Galerie Bernheim-Jeune and Galerie Durand-Ruel, Paris (bought in May 1912 and returned to the artist in June 1912)
Michel Monet, Giverny (in 1935)
Bernheim-Jeune, Paris and Sam Salz, New York
Mme. Leonardo Benatov, Paris (sold: Sotheby's, London, November 7, 1962, lot 82)
O'Hana Gallery, London (acquired at the above sale)
Barnett Shine, London (sold: Sotheby's, London, December 2, 1986, lot 36)
Private Collection, Japan (acquired at the above sale and sold: Sotheby's, New York, May 13, 1997, lot 22)
Private Collection (acquired at the above sale)
Paris, Galerie Bernheim-Jeune, Claude Monet, Venise, 1912, no. 20-15
Paris, Paul Rosenberg, Exposition d'Oeuvres de Claude Monet (1840-1926), Oeuvres de 1891 à 1919, 1936, no. 27
Gustave Geffroy, "La Venise de Claude Monet," La Dépêche de Toulouse, May 30, 1912, p. 1
Henri Genet, "Beaux-Arts et Curiosités, Les 'Venise' de Claude Monet", L'Opinion, June 1, 1912, p. 698
"Art et Curiosité. Venise vue par Claude Monet," Le Temps, June 11, 1912, p. 4
Andre Arnyvelde, "Chez le peintre de la lumière," Je sais tout, January 15, 1914, illustrated p. 31
Florent Fels, "L'atelier de Claude Monet au Musée de l'Orangerie," Formes, May 15, 1931, illustrated p. 75-77
Grace Seiberling, Monet's Series, New York, 1981, pp. 210 and 380, no. 15
Daniel Wildenstein, Claude Monet, Biographie et Catalogue raisonné, vol. IV, Lausanne and Paris 1985, no. 1758, illustrated p. 241 (see: letters nos. 2001b and 2012a)
Philippe Piguet, Monet et Venise, Paris, 1986, no. 29, illustrated p. 99
Daniel Wildenstein, Claude Monet, Biographie et Catalogue raisonné, vol. V, Lausanne and Paris, 1991, no. 1758, listed p. 53
Daniel Wildenstein, Monet, Catalogue Raisonné, vol. 4, Cologne, 1996, no. 1758, illustrated p. 824
This work has been requested for the upcoming exhibition, The Light of Venice, to be held at the Beyeler Foundation in Riehen from September 28, 2008 until January 25, 2009.
On his arrival in Venice in October 1908, Monet joined a long and illustrious list of artists captivated by the Serenissima. Like Whistler, Turner and Sargent before him, he was fascinated by Venice's soft flickering light and majestic architecture. At first he felt that Venice was too beautiful to be painted, but in a matter of weeks he set up his easel along the Grand Canal and completed a series of beautifully atmospheric depictions of the lagoon. The present painting is one of four works (see figs. 1 & 2) in which Monet depicted the 15th century palace of Giovanni Dario, the secretary of the Venetian senate. This particular canvas one stands out among them all because of the glow and crispness of its colors.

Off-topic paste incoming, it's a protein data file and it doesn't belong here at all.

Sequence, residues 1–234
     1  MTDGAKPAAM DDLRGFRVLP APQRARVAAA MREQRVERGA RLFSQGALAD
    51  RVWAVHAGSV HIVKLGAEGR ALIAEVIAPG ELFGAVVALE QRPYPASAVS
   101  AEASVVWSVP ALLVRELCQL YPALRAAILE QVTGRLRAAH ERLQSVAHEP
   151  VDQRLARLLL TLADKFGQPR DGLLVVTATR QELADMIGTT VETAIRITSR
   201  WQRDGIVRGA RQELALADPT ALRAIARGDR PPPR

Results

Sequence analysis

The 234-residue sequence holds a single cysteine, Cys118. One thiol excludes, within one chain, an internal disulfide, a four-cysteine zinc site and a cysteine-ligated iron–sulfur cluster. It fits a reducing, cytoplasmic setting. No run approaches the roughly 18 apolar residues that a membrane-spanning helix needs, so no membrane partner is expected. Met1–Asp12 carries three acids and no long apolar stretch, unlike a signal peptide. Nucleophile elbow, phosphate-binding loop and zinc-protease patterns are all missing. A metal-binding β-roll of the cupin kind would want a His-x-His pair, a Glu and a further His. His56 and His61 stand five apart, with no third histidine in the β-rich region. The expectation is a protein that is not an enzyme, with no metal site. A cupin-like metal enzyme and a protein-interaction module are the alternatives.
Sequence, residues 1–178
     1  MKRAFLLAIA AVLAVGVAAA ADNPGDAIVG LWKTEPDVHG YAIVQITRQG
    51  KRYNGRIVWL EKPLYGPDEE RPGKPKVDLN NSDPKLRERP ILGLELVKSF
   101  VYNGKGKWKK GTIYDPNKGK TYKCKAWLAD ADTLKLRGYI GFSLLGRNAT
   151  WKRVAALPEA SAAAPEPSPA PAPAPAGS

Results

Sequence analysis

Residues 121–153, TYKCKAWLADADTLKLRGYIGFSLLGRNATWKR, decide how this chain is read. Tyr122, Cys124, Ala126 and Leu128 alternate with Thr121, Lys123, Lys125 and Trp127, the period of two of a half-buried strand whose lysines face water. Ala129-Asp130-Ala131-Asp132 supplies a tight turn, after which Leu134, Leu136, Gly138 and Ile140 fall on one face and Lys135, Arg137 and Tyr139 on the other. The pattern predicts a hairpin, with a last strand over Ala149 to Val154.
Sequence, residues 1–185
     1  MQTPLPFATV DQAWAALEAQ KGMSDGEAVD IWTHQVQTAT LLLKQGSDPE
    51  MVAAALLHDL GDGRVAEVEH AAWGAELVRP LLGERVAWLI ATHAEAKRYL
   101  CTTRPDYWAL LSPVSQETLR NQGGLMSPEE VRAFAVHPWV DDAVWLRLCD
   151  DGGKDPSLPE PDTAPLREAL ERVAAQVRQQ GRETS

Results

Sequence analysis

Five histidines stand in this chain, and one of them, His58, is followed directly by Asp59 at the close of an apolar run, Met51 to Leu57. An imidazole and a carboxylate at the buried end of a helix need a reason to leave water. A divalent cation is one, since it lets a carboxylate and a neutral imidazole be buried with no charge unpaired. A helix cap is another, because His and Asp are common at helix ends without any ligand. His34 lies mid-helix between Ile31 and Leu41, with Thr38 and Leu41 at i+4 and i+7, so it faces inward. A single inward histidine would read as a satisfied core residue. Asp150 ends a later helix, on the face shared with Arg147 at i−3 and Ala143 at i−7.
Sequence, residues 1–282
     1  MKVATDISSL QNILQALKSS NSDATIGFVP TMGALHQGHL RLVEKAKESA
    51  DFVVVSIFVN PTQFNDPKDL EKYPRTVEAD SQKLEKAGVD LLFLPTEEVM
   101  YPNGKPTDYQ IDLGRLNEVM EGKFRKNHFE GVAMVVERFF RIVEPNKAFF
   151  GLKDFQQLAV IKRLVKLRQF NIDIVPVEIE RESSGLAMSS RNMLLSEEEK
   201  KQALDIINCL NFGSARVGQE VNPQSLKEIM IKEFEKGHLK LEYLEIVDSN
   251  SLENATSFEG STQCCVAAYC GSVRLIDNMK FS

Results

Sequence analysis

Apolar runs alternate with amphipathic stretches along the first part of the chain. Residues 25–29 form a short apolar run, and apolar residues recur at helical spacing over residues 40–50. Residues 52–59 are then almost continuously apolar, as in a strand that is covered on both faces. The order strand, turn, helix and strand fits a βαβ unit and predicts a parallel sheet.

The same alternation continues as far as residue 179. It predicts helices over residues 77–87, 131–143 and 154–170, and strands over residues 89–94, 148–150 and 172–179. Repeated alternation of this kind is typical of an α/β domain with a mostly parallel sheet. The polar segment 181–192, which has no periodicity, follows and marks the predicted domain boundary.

For the first few weeks of their two-month visit, Monet and Alice were guests of Mary Hunter at the Palazzo Barbaro. From the balcony, they could see all three of the Grand Canal palaces he was to paint during his time in Venice: Palazzo da Mula, Palazzo Contarini and the subject of this painting, Palazzo Dario (see fig. 3). As in his London series, Monet often repeated the same motif several times, exploring shifts in tonality and lighting depending on the time of day and the atmospheric conditions.
Renouncing a more traditional compositional format in this picture, Monet crops the Palais Dario and most of the neighboring Palazzo Barbaro-Volkoff, giving the painting the immediacy of a snapshot. The composition is built around the slender and almost symmetrical gondola, which helps define the transition between the horizontal surface of the water and the vertical palace. In Le Palais Dario, Monet's Venice is autumnal. The light is muted, the black shadows of the unlit windows adjoining the palace are infused with vermillion -- a hue associated with empire and majesty. The mysterious dark recesses hint at the opulent interiors without revealing them and lure the viewer in.
Like his great predecessors in Venice, Monet experimented with the light-distorting haze that hangs over the Venetian lagoon. He chose to depict the scene in his four paintings in both horitonzal and vertical format. This vertical picture, similar to the canvas in the collection of National Museum of Wales (Wildenstein 1759), focuses on the elongated, shimmering reflection of the palace in the waters of the canal.
Here Monet continued to observe, as he had in the Views of the Thames he completed in 1904, how light reflected off a wide stretch of water dissolves and liquefies the solid, uneven surfaces of stone walls. In Venice, however, the closeness of the buildings to the water's edge led him to explore more abstract compositions, accentuating the interplay between the rhythms of the ornate façade, with its arched openings and horizontal divisions, and the rhythmic expanse of water. In his introduction to the Bernheim-Jeune exhibition, Octave Mirbeau observed that the atmosphere in Monet's views of Venetian palaces was "mixed with colour as though it had passed through a stained-glass window." In fact, these pictures have a close formal relationship with the series of Water lilies that had occupied Monet at Giverny before his trip to Venice. In later months, Monet even claimed that this trip to Venice has enabled him to return to these compositions with a fresh perspective.
The present canvas is one that remained in Monet's private collection until his death in 1924. It was later inherited by his son, Michel, who lent it to the important exhibition of Monet's work at Paul Rosenberg's gallery in 1935.
Fig. 1, Claude Monet, Le Palais Dario, 1908, oil on canvas, The Art Institute of Chicago. Mr and Mrs Lewis Larned Coburn Memorial Collection
Fig. 2, Claude Monet, Le Palais Dario, 1908, oil on canvas, Private Collection, United States
Fig. 3, Photograph of the Palais Dario, Collection Philippe Piguet
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